I was contemplating this morning on a number of things revolving around violence and the flippancy we treat the lives of those around us. This happened after a brief back and forth with someone on Facebook regarding capital punishment (according to the Bible) and I was a bit flustered. Anytime I have Facebook banter with someone my emotions rise and my blood pressure probably goes up. I realize this has something to do with not wanting to get into a debate on Facebook because it never really goes anywhere. Forums and Facebook never seem to be a place where people actually change their deep rooted beliefs or values based on some comment someone made. Also, it’s a public debate. It just encourages others to get involved.
The only reason I commented today is because I have committed myself to calling out my friends when they flippantly talk about violence, the lives of human beings, or marriage. This is especially true of my Christian friends, and especially true of my very vocal Christian friends. If you talk about loving people and post Bible verses all the time, then you shouldn’t be flippant about things that should be taken very seriously.
Anyway, while he believes, as many do, that it is God’s will that the government kill those “who have given up their right to live” because they have “killed a life they didn’t create,” I argued for mercy and forgiveness.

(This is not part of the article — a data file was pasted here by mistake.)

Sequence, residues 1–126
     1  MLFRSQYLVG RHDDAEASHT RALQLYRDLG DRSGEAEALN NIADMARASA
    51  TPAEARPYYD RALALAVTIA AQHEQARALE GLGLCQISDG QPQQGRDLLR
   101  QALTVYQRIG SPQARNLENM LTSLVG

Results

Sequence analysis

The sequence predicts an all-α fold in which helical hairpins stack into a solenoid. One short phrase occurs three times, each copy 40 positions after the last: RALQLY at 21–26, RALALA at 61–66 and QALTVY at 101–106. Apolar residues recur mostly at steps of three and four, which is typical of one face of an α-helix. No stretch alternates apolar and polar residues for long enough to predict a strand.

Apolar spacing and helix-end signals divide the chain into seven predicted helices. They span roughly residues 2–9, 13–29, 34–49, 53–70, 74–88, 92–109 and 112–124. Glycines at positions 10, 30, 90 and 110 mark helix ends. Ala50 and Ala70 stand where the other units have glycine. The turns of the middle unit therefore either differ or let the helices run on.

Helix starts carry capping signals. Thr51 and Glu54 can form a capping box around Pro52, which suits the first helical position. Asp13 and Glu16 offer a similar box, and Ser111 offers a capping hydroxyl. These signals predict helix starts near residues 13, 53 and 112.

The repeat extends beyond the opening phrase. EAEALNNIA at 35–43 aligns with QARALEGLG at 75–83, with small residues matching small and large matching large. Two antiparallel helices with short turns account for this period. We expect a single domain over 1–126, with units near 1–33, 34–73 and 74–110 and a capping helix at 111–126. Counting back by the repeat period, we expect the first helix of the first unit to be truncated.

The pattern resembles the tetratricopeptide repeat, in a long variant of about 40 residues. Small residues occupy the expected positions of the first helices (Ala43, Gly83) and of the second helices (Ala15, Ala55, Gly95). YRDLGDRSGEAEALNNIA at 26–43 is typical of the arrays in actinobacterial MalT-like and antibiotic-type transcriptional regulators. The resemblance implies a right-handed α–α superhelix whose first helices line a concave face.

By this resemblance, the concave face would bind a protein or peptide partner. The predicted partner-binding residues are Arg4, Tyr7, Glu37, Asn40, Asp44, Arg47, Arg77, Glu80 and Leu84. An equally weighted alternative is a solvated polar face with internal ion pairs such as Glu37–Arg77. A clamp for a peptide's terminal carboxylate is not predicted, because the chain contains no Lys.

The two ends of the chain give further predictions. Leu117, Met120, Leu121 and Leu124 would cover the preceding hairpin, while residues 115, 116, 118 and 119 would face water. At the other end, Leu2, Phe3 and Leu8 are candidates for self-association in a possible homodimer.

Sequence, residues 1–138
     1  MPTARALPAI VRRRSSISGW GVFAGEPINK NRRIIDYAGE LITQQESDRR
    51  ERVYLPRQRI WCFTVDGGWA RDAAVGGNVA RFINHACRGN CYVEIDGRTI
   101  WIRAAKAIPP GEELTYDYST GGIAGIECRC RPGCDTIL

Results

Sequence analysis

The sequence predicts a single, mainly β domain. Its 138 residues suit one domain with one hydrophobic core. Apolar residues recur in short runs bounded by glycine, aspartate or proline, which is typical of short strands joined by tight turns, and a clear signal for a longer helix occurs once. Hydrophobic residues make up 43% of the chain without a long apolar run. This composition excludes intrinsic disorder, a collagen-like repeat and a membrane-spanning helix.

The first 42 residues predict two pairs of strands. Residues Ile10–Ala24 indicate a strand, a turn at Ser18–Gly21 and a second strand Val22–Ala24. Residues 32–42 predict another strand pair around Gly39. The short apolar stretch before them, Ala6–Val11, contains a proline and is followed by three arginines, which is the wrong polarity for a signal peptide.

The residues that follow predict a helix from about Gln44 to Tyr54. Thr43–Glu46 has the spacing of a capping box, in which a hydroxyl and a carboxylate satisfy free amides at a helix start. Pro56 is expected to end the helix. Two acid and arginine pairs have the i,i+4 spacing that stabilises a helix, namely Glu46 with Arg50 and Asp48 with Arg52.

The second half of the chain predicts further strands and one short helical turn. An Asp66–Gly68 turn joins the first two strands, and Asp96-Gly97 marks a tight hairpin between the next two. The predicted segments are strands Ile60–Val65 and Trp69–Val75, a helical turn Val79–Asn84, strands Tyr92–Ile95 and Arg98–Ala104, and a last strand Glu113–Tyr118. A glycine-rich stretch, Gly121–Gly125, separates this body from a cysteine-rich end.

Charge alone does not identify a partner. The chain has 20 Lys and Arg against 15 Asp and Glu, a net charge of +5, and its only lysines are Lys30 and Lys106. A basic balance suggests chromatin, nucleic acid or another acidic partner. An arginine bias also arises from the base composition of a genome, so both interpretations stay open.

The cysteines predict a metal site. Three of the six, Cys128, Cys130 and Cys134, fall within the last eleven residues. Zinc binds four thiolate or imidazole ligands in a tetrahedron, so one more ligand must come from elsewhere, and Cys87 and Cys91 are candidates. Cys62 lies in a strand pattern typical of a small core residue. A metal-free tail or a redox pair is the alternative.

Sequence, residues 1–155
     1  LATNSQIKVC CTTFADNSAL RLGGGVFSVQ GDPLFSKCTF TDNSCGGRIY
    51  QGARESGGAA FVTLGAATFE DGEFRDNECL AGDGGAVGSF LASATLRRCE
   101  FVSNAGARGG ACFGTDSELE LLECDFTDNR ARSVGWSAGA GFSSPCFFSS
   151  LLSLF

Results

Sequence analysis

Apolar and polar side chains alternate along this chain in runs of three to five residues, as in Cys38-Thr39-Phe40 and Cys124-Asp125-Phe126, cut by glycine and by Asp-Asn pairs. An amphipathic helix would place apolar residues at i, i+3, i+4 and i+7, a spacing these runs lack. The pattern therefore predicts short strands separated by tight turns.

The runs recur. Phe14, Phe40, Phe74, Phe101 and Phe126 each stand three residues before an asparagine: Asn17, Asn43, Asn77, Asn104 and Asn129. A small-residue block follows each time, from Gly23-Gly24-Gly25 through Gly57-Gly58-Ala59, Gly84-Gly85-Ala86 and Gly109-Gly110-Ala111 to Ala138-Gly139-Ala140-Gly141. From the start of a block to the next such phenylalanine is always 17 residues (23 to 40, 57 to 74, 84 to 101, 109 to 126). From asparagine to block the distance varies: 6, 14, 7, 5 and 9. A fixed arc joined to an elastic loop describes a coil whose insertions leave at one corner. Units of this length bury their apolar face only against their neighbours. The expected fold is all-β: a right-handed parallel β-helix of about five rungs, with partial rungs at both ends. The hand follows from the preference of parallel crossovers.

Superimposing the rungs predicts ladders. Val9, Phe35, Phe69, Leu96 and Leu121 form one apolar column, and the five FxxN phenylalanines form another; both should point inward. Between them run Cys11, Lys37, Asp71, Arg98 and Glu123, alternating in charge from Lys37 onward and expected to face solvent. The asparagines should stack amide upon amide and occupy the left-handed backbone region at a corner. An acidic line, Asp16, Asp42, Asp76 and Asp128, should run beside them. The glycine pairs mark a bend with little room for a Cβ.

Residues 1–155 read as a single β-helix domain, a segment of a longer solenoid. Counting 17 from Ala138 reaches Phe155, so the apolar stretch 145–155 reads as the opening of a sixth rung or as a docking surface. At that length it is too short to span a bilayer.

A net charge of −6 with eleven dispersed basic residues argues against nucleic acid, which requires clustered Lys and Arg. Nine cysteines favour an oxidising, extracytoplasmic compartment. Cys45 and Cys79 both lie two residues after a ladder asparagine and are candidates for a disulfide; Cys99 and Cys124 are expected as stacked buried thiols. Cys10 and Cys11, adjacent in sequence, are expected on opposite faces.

Forgiveness and mercy is not the natural human response. Forgiveness, in our minds, negates justice. But for a Christian to seek out death for another human being instead of forgiveness seems ignore what makes the “good news” so good. Of course that doesn’t mean we do not live with the consequences of our actions. I just do not believe that death is the necessary means of punishment. That’s core to what we believe as Christians. Does a murderer deserve death? Yes. But that death has already been paid. Once. For ALL. Because we ALL deserve death.
So as Christians, it’s ok to go marching around saying that someone deserves death, as long as that person is also pointing to themselves, and then explains that they have already been forgiven.
And that is what makes forgiveness so powerful. When we forgive, we are imitating God. It’s not natural for us. That is why I like the quote from Alexander Pope, “To err is human; to forgive, divine.”
I also love the quote,
“We are most like beasts when we kill, most like men when we judge, most like God when we forgive.”
There’s already enough death in this world.There’s already enough injustice. People are shot to death when they are just trying to find help. The world doesn’t need more death and killing. The world needs more mercy and forgiveness. Because ironically, true justice and life is found in the greatest unjust death that has ever occurred: that God died for all mankind and through Him any human being can have eternal life. That’s the Gospel.
Forgiveness brings and breeds justice.
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